2 Answers | Add Yours
The Battle of Antietam was the bloodiest one-day battle in the history of American wars. It was fought on September 17, 1862. The battle was not really a tactical victory for either side, but it ended up as a strategic victory for the North.
As with the later Battle of Gettysburg, the Battle of Antietam came about because of a Confederate invasion of the North (the battle was fought in Maryland, a Union state). The Confederates hoped at the very least to gain support from France or Great Britain if they could successfully invade the North. They hoped the Europeans would decide that the South could win the war. If the Europeans did so, and if they recognized Confederate independence, the North would be pressured to end the war.
As Lee invaded, his plans were actually dropped by a courier and found by the Union. This allowed Union General George McClellan to know what Lee planned. Even so, McClellan was too hesitant and was therefore not able to really destroy Lee’s army. Instead, in the one day of fighting, the two sides sustained similar numbers of casualties.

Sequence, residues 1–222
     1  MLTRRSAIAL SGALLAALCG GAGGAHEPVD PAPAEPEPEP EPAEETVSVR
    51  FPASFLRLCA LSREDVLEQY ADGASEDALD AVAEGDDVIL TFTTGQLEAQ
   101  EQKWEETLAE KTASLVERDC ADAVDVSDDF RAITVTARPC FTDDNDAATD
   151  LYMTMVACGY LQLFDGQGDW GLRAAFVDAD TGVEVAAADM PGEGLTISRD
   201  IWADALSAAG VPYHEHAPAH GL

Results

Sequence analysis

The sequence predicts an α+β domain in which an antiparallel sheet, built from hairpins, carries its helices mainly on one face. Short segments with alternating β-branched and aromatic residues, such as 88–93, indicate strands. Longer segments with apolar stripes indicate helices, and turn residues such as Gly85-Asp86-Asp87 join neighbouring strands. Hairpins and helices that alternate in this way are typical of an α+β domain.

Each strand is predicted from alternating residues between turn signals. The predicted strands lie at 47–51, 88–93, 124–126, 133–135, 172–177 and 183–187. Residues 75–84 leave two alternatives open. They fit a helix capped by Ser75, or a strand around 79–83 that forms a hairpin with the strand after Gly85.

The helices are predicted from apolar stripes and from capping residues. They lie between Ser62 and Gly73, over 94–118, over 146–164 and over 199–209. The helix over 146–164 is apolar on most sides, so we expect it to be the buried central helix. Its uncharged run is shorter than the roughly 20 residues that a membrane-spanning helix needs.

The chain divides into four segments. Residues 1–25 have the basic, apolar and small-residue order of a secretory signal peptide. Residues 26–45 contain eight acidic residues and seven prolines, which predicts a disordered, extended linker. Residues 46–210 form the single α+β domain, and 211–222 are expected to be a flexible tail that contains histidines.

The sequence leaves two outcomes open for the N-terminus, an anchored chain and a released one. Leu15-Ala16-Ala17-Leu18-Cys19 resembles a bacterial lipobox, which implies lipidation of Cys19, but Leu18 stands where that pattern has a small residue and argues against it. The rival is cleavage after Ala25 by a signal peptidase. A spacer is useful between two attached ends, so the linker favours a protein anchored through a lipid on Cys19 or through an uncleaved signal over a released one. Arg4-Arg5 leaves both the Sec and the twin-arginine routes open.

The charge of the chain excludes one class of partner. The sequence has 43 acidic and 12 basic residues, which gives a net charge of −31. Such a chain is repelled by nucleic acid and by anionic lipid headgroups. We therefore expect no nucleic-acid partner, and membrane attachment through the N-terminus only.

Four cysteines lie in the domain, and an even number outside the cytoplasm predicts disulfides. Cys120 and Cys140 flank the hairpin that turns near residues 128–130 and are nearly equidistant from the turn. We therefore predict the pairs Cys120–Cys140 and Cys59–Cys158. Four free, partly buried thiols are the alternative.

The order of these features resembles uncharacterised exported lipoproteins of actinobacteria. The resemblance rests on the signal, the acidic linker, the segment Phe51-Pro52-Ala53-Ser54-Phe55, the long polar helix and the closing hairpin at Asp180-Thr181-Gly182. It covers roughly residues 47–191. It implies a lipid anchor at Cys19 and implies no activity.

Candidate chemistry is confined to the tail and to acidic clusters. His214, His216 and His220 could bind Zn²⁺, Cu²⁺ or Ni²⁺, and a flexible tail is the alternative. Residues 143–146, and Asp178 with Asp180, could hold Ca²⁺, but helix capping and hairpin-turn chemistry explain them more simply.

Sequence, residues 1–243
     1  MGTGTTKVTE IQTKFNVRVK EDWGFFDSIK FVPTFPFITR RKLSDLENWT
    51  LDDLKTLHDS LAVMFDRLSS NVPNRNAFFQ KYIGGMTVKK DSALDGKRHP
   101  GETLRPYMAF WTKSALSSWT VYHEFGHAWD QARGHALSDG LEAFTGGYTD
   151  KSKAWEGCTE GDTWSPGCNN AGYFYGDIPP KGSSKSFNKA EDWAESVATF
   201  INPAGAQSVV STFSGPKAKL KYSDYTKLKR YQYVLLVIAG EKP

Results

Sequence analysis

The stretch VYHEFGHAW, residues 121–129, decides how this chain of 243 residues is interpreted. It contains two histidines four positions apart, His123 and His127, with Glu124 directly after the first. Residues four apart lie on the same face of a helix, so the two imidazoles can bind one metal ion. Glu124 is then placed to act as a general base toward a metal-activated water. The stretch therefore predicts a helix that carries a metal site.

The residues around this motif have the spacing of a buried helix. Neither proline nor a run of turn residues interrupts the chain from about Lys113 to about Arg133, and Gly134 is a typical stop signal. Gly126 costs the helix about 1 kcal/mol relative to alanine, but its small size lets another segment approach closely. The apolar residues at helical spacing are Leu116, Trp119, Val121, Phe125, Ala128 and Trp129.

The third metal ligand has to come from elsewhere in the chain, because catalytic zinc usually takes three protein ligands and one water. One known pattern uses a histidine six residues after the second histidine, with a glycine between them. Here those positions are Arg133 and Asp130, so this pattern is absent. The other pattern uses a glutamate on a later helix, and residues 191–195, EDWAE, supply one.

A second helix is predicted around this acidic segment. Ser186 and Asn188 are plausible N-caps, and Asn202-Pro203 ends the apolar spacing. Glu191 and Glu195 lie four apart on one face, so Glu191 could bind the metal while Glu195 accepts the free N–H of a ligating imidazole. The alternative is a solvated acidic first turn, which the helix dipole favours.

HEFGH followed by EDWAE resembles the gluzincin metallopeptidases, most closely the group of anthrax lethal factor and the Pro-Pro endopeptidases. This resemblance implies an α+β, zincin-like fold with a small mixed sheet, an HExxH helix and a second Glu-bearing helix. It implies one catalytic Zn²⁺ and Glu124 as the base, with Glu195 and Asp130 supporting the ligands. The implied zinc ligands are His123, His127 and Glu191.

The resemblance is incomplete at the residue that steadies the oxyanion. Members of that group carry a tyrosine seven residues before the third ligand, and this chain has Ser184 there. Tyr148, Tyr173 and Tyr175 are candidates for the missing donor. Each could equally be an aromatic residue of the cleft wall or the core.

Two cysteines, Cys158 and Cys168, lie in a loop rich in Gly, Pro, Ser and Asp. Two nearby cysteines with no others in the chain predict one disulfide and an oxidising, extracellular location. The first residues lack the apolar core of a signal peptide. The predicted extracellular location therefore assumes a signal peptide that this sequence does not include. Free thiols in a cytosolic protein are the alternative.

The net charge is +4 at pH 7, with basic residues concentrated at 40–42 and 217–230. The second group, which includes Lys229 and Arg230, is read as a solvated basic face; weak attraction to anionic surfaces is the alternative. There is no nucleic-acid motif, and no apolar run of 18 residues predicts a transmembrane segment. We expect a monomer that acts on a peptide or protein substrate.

The battle is seen as an important turning point in the war. It stopped Lee’s invasion. It also encouraged people in the North and improved public support for the war. It inspired President Lincoln to fire McClellan. Finally, it allowed Lincoln to claim a victory which enabled him to issue the Emancipation Proclamation (he did not want to issue it when the Union seemed to be losing because he didn’t want to look desperate). This changed the meaning of the war completely.
Important Facts about the Battle:
- The Union Victory persuaded England and France to remain neutrall
- A victory at Antietam probably would have won Confederate independence because France and Britain were on the verge of recognizing the confederate government
- The battle of Antietam was particularly critical because it probably prevented intervention by Britain and France on behalf of the confederacy
- allowed President Lincoln to issue the Emaciation Proclamation
- Turning point of the American Civil War
We’ve answered 395,819 questions. We can answer yours, too.Ask a question